Celebrating “Human Achievement Hour” This Saturday

By Steve BucksteinCascadeNewLogo

This Saturday you’ll have the opportunity to vote with your light switches. Either turn your lights off from 8:30 pm to 9:30 pm local time to “show your commitment to climate change action now” or turn your lights on to celebrate “human progress and our advancements in various fields of industry, including technology, medical, energy, and more.”

Turning your lights off makes you part of Earth Hour, a project of the World Wide Fund for Nature (WWF). Turning them on makes you a part of Human Achievement Hour 2015, a project of the Competitive Enterprise Institute (CEI).

Since this isn’t a secret ballot, I’ll tell you that I’m voting for Human Achievement. As CEI notes, “Earth Hour does little to protect the environment” and “completely ignores how modern technology allows societies around the world to develop new and more sustainable practices that help humans be more eco-friendly and better conserve our natural resources.”

You don’t have to wait until Saturday to see what a large-scale expression of the “dark ages” versus human achievement looks like. Just check out any NASA nighttime photo of North and South Korea from space: “North Korea is almost completely dark compared to neighboring South Korea….The darkened land appears as if it were a patch of water joining the Yellow Sea to the Sea of Japan.”

North Koreans may simply be celebrating Earth Hour every hour of every day, but somehow I doubt it.

Earth Hour

Steve Buckstein is founder and Senior Policy Analyst at Cascade Policy Institute, Oregon’s free market public policy research organization.

  • guest

    Bright on!

  • Eric Blair

    Huh.,. I wasn’t aware that being in favor of mitigating the effects of climate change (no matter how symbolic) made one, somehow, anti-technology. Think maybe you’re setting up a false dichotomy? Why can’t someone be for both? Both human progress AND being concerned about the effects of global warming? Seems almost like a childish tantrum: PAY ATTENTION TO ME, NOT THEM!

    Nice, throwing the North Koreans in there. Gonna make a reference to Nazis next?

    • Nazis? Of course not. As I’m sure you know, whoever mentions the Nazis first automatically loses whatever debate is in progress. Sorry, it could have been interesting.

      • Eric Blair

        Well, I’m thinking that referencing North Korea is no better than referencing Nazis. It’s a distraction. However, I do note how quickly you stepped through that door and slammed it rather than having a debate. How sad for you.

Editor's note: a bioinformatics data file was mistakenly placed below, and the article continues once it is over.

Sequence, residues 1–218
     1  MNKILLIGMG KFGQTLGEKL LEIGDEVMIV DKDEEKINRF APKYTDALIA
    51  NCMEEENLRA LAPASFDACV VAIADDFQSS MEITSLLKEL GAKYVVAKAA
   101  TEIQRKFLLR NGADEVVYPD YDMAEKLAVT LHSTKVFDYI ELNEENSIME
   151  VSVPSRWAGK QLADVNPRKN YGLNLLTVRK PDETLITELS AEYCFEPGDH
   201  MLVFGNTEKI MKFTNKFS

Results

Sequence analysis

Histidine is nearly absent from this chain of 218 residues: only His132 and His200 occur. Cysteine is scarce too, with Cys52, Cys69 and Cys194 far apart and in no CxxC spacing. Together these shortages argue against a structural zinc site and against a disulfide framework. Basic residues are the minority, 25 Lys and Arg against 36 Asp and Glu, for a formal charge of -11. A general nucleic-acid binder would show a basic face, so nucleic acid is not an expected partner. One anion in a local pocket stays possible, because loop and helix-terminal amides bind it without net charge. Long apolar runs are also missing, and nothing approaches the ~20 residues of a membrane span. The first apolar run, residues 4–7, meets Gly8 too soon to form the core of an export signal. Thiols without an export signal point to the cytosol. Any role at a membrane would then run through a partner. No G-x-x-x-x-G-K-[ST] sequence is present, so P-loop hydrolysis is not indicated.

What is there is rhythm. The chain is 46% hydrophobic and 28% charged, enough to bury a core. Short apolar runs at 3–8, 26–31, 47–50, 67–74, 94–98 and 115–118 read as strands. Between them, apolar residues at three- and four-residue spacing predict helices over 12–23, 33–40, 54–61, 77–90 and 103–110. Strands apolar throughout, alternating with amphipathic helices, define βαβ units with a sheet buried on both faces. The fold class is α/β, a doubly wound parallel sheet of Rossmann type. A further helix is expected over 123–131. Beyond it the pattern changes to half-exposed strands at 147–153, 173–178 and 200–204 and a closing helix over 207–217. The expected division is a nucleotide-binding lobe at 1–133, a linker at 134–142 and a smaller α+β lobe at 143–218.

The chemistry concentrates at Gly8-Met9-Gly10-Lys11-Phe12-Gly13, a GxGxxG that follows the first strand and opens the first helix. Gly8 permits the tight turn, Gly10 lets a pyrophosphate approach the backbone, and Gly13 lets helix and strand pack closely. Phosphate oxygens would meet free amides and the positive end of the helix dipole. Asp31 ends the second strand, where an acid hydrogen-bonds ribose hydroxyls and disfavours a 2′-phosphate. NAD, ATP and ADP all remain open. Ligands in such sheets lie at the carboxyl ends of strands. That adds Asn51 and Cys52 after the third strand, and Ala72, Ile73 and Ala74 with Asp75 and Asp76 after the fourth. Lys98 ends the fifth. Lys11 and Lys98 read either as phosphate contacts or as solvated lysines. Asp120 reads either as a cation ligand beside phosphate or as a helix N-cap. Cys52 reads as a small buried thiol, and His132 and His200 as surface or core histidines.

• thevillageidiot

      So are the North Koreans way ahead of the rest of humanity in environmental consciousness? They have a very small carbon foot print as a nation and very little economic output as are nearly all the rest of the countries with similar carbon emission footprints. Maybe you should move to one of those to feel good. consider what it takes to be a producer of goods.

      • Eric Blair

        Ahhhh! No. That is a ridiculous question, and I never even implied that there is anything about North Korea that I like. In fact, North Korea’s carbon footprint is one of the fastest growing in the world. Now, don’t you feel just a little bit silly?

        And how like some conservatives to not only reference North Korea, but to invite me to move there. Ad nauseum.

        It seems odd that so many conservatives, when it comes to pollution and global warming, can’t seem to extend their belief that the United States is incredibly innovative. I’m reasonably certain that is we took the issue seriously, and spent some time working on solutions, that we could come up with one that both lowers our carbon footprint and help with human progress. Evidently way too many of you simply prefer to pretend that there isn’t a problem.

    • MrBill

      If someone doesn’t favor the kinds of policies being put forth to mitigate climate change, or even the need to try and mitigate climate change, does that make them anti-technology? Anti-progress? Anti-commonsense? Anti-anything?

      • Eric Blair

        LOL. no.

        I’m not sure what point you’re trying to make since it was Steve who implied that people in favor of mitigating climate change were somehow anti-human progress.

        • MrBill

          I see your point. Being in favor of symbolic steps to mitigate the effects of climate change is in no way anti-technology.

          Anti-commonsense maybe, but definitely not anti-technology.

          • Eric Blair

            One could argue that all symbolic steps are anti-commonsense(?), but the idea is to raise awareness. It certainly worked on OC, didn’t it? LOL.. it got attention and promotion.

  • Moe

    I am going to turn on every light I own and leave them on all night to celebrate how great this country is. My hope is that my house alone will outshine North Korea.

  • Lena T sider

    On Saturday as a celebration of an earth hour. Keeping all electronics device in off mode is better option to celebrate this for our earth.
    Essays will get about this from online services.

  • Myke

    A great opportunity to ignore the hallow symbolism of shutting off the lights, Al Gore will use 100x the energy running his front porch light then I will shutting off all my lights for an hour. Also, I can ignore the knee-jerk reaction of turning on all my lights for the waste that it is, and the pointless exercise in futility in the mindless state of Oregon. Enjoy!

    • behest guest

      Vote up!